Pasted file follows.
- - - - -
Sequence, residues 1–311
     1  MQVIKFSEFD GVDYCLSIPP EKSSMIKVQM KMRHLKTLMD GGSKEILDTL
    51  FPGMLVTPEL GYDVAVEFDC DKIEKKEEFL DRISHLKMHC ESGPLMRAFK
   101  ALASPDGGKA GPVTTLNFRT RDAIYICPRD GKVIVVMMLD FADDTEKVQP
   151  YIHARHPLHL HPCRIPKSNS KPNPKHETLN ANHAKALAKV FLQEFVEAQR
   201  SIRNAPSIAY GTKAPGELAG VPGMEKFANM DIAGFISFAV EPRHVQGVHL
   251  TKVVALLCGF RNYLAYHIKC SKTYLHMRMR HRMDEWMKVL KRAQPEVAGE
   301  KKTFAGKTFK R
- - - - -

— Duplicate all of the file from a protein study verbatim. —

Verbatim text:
Sequence, residues 1–311
     1  MQVIKFSEFD GVDYCLSIPP EKSSMIKVQM KMRHLKTLMD GGSKEILDTL
    51  FPGMLVTPEL GYDVAVEFDC DKIEKKEEFL DRISHLKMHC ESGPLMRAFK
   101  ALASPDGGKA GPVTTLNFRT RDAIYICPRD GKVIVVMMLD FADDTEKVQP
   151  YIHARHPLHL HPCRIPKSNS KPNPKHETLN ANHAKALAKV FLQEFVEAQR
   201  SIRNAPSIAY GTKAPGELAG VPGMEKFANM DIAGFISFAV EPRHVQGVHL
   251  TKVVALLCGF RNYLAYHIKC SKTYLHMRMR HRMDEWMKVL KRAQPEVAGE
   301  KKTFAGKTFK R